Populism is a term used to describe political movements or parties that have anti-establishment leanings and run on a quasi-tribalistic platform that presents a binary worldview of the âthe good and morally pure people [against] the corrupt, self-serving elite (Brett, 2013) and populism exists in both right- and left-wing politics. Despite this, I will primarily focus on right-wing populism. The two most effective lenses to analyse the causes of populism are Constructivism and Marxism; both are useful as to evaluate the threat posed by populism it is first essential to understand why it occurs. This essay argues that while populism presents a threat to the status quo in the short term as can be seen with the Brexit vote and the 2016 US presidential election, the enduring threat posed by populism to democracy itself is minimal and that populism is an inherent characteristic of democracy.
The Marxist account for understanding why populism seems to be on the ascendancy comes from Marx himself. The key to understanding the rise of a populist movement such as the UKIPBrexit party is that capitalism is inherently alienating. The alienation comes from the capitalists extracting the surplus value from the labour of the workers, and this causes dissatisfaction between those workers and the economic and political system as the more value he creates, the more worthless he becomes (Marx, 2021). Leading us to believe that populism arises from capitalism of whose main tenets are exactly what Marx called them: inhuman and alienating.(Otteson, 2012). An important premise that needs to be expressed to realise why populism could be seen as the fault of capitalism, is the demographics of who votes or supports populists. In the Brexit vote, polling data found that the poorest households, with incomes [under] Â£20,000 per year, (Goodwin and Heath, 2016) were far more likely to support leaving the EU. Other investigations into populism more broadly ruled that the populist parties in Europe represented blue collar workers and those who lost out as a result of globalisation (Wodak, Majid Khosravinik and Mral, 2013. pp15). This makes a convincing argument that it is the poorest people who are most receptive to populist rhetoric due to the Marxist concept of alienation. Though, this analysis becomes undone by one simple question, if it is the case that capitalism is to blame how come the most powerful populists are some of its most ardent supporters?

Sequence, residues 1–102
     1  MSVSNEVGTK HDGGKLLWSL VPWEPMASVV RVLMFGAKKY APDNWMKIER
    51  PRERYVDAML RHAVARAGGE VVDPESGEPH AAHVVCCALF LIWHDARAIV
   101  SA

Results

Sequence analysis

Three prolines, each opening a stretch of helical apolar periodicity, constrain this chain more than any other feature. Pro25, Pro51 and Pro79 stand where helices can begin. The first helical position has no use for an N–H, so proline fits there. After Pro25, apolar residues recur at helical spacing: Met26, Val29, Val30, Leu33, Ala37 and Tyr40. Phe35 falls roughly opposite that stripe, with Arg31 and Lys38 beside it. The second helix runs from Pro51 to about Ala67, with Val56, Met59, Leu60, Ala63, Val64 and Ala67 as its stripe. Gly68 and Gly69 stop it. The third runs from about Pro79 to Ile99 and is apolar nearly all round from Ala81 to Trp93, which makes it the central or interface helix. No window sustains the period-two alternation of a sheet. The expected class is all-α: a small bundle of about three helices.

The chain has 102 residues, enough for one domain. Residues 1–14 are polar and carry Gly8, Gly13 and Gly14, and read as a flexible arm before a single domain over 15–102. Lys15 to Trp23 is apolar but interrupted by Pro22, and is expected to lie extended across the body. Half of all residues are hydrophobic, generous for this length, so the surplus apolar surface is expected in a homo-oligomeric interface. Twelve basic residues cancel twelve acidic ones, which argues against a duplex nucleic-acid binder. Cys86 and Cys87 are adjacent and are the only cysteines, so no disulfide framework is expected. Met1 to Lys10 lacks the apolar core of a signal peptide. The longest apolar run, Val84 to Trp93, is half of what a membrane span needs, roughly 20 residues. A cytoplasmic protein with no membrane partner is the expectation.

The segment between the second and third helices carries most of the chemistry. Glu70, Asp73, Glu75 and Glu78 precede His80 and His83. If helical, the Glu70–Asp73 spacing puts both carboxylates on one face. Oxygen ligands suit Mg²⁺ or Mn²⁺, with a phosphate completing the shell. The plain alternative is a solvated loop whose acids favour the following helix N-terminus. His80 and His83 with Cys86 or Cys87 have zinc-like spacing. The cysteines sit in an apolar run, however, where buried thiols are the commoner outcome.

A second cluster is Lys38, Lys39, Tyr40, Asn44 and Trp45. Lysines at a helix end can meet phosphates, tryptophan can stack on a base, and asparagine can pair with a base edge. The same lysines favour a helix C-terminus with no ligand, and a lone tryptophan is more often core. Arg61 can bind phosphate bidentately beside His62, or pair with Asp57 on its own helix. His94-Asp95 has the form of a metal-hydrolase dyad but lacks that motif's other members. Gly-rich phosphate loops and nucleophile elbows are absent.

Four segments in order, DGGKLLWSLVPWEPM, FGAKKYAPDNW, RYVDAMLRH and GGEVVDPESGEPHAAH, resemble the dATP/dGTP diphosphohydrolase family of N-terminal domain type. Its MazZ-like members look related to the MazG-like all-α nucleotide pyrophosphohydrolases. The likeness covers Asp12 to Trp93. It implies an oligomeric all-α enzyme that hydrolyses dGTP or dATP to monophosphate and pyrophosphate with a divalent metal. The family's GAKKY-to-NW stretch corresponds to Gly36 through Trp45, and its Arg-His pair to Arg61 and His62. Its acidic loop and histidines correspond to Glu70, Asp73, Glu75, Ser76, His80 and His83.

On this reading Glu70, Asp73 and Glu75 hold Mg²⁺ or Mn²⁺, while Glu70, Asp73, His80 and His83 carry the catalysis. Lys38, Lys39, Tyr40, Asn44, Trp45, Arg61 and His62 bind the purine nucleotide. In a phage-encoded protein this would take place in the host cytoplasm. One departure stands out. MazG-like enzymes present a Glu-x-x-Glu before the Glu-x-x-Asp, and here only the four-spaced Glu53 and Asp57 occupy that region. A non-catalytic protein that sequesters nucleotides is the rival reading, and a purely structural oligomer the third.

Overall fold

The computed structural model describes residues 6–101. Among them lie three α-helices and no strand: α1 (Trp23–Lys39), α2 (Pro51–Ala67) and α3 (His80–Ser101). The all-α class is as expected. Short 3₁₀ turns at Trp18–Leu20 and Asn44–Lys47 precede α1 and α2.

This question has some potency as Trump arguably the most famous populist is characterised as champion[ing] property and profit, and celebrat[ing]s wealth -especially his own. (Robin, 2017). So, there is a good argument to be believed that the problem is not just as simple as capitalism as the problem. The point of influential populists being pro-capitalist is also reinforced by the policy platform put forward by the Reform Party the new rebranded Brexit party. Their policies were patently pro-business owners and ardently in support of capitalism, (Reform UK, 2021). Still, one of their main policies which were to cut taxes and reduce government waste which many attributes to public sector cuts that have been shown to hurt the poorest in Britain (Aldridge and MacInnes, 2014). This means there is a conceivable argument that the support for policies and parties like Reform UK is a case of turkeys voting for Christmas, that relies on the premise of misdirected anger from capitalist alienation. However as that will result in a circular argument that does not seem to be convincingly solved, I shall move onto the Constructivist account.
The constructivist account also recognises that it seems to be that the poorest in society are the most receptive to populist rhetoric and arguments. The thesis presented by Constructivists to understand the rise of populism comes from the Silent Revolution (SR) and the Cultural Backlash Model (CBM), with both, intersect to claim that as a direct result of the socioeconomic development that occurred in western democracies after world war 2, and how these changes impacted the prevailing views in society. The SR describes how despite the rising inequality in the later 20th century period of economic growth caused a significant increase in most people's level of financial security. As a direct consequence, there was a shift in politics that eroded materialist values emphasizing economic and physical security above all, bringing a gradual rise of post-materialist values prioritizing individual free choice and self-expression. (Inglehart and Norris, 2019). The CBM argues that this rise in post-materialist issues caused a backlash as those who missed out on the economic gains were still focused on the material, and A Materialist reaction against [the increased attention put on post-materialist issues] led to the [populist parties (Inglehart and Norris, 2017). The CBM provides a convincing account as both the SR and the CBM account for another political shift that is going on as politics seems to be less determined on class especially in the UK (Curtis, 2019), and the ramifications that shift will have on left-wing parties like the UK Labour party. The constructivist account is, therefore, more convincing as, unlike the Marxist explanation its argument is not circular and has wider applications, although both give credence to the argument that socio-economic developments have caused the rise in populism.